“A cardinal constitutional principle is that federal power can be wielded only by the federal government. Private entities may do so only if they are subordinate to an agency,” Judge Stuart Kyle Duncan wrote for the panel that ruled in the Texas case.

The same panel, which also included judges Carolyn Dineen King and Kurt Engelhardt, cited the Texas ruling in a separate order in favor of horseracing interests and regulators challenging HISA in a different case.

The chair of the horseracing authority’s board of directors said it would ask for further court review. Friday’s ruling could be appealed to the full 5th Circuit court of the Supreme Court.

“If today’s ruling were to stand, it would not go into effect until January 10, 2023 at the earliest,” Charles Scheeler said in an email. “We are focused on continuing our critical work to protect the safety and integrity of Thoroughbred racing, including the launch of HISA’s Anti-Doping and Medication Control Program on January 1, 2023.”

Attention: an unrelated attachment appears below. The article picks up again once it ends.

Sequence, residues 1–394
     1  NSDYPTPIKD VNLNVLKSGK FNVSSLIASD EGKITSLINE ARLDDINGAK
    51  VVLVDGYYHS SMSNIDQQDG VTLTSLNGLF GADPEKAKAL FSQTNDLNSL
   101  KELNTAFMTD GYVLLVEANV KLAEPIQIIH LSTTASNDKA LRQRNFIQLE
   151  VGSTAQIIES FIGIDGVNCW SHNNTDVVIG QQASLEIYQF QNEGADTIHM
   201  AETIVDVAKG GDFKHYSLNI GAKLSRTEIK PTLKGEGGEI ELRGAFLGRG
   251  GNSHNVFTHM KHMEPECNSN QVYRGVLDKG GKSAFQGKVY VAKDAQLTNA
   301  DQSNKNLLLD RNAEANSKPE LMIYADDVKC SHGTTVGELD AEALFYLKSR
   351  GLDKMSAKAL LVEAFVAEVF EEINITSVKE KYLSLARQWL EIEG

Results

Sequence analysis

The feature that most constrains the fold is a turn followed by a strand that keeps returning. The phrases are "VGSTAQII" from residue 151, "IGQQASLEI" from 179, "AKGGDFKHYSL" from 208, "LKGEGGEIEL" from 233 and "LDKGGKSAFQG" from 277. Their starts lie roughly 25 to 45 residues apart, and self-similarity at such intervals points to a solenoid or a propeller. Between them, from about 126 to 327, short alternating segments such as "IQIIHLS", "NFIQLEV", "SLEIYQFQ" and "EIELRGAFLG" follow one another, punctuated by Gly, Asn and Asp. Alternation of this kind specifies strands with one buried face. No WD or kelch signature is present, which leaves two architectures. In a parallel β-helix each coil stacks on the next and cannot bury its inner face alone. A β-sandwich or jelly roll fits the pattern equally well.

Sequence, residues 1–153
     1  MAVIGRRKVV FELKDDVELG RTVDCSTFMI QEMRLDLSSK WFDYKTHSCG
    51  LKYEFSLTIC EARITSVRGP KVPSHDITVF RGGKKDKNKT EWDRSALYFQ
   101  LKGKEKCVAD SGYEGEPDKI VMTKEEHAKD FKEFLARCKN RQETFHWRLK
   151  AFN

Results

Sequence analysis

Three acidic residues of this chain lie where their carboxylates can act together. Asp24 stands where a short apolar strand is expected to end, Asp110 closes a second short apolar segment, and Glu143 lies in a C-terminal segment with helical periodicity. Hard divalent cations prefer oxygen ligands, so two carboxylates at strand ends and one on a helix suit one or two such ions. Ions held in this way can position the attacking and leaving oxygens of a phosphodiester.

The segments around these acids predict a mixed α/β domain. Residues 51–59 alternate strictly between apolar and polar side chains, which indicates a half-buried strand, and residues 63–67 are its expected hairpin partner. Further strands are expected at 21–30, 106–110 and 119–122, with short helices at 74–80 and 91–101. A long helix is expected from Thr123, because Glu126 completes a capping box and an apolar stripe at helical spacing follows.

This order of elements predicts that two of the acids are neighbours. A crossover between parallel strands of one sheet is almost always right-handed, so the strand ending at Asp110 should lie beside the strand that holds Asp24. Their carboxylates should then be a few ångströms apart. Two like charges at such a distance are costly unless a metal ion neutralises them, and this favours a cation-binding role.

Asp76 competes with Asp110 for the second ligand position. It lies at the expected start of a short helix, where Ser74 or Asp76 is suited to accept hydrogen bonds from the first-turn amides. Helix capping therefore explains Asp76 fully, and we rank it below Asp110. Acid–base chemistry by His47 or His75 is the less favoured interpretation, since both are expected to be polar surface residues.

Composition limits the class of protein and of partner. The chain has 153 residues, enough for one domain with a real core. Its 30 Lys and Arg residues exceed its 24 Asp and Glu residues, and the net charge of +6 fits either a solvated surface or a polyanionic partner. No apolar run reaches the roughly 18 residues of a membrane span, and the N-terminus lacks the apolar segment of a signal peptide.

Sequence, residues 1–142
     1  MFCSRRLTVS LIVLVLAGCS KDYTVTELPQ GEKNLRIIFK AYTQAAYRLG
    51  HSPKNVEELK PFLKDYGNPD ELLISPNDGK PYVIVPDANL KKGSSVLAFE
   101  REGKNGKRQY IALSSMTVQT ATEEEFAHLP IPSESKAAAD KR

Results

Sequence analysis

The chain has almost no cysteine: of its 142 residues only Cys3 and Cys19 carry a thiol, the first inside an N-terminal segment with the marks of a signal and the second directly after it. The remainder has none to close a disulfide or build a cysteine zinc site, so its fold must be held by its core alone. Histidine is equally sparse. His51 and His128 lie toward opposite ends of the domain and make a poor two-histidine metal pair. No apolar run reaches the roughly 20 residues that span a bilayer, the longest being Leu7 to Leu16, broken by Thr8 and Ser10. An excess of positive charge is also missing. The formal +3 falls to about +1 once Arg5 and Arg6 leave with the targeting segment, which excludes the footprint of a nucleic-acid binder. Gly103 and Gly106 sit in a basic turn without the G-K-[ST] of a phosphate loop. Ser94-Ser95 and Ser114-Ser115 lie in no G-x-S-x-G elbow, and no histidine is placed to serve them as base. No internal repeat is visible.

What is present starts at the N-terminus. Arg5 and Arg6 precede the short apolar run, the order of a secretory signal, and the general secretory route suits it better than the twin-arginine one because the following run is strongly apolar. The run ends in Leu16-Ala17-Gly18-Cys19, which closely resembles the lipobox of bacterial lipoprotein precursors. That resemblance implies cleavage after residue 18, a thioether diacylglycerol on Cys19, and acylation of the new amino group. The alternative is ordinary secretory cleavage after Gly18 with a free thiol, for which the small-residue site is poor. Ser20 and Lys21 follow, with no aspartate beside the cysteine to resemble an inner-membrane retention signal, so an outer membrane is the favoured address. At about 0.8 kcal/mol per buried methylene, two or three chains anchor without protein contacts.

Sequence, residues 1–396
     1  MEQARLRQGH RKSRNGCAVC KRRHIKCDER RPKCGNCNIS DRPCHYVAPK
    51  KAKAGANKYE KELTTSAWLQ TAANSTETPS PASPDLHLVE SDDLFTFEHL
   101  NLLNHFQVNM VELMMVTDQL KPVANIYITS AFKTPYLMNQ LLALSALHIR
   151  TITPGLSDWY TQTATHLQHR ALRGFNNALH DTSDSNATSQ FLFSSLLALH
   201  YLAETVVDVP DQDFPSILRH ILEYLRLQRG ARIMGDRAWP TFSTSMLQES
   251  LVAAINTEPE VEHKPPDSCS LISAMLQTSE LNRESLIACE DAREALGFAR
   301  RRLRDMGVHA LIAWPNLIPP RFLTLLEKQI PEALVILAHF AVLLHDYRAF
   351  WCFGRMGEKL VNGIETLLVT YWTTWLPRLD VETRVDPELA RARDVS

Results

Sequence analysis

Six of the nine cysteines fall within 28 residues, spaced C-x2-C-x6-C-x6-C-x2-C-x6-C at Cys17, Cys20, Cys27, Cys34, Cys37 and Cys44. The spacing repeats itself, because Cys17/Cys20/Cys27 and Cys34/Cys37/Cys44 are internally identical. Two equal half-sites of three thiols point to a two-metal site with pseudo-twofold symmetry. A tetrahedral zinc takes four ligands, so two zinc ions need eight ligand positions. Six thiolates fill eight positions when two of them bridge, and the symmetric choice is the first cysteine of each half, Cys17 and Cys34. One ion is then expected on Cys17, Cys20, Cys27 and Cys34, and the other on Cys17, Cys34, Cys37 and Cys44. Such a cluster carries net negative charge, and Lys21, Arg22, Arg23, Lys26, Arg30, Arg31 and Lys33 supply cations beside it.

The ruling was criticized by Marty Irby, executive director of the Animal Wellness Action organization. “Over the course of three Congresses, the most brilliant legal minds on Capitol Hill addressed the Horseracing Integrity and Safety Act’s constitutionality and ultimately decided that the Federal Trade Commission’s limited oversight was sufficient,” Irby said in an email.

Among the subjects covered by the authority’s rules and enforcement were jockey safety (including a national concussion protocol), the riding crop and how often riders can use it during a race, racetrack accreditation, and the reporting of training and veterinary records.

Animal rights groups, who supported the law, pointed to scandals in the industry involving medication and the treatment of horses.

Duncan wrote that in declaring HISA unconstitutional, “we do not question Congress’s judgment about problems in the horseracing industry. That political call falls outside our lane.”

Louisiana Attorney General Jeff Landry, hailed the ruling on Twitter, calling HISA a “federal takeover of Louisiana horse racing.”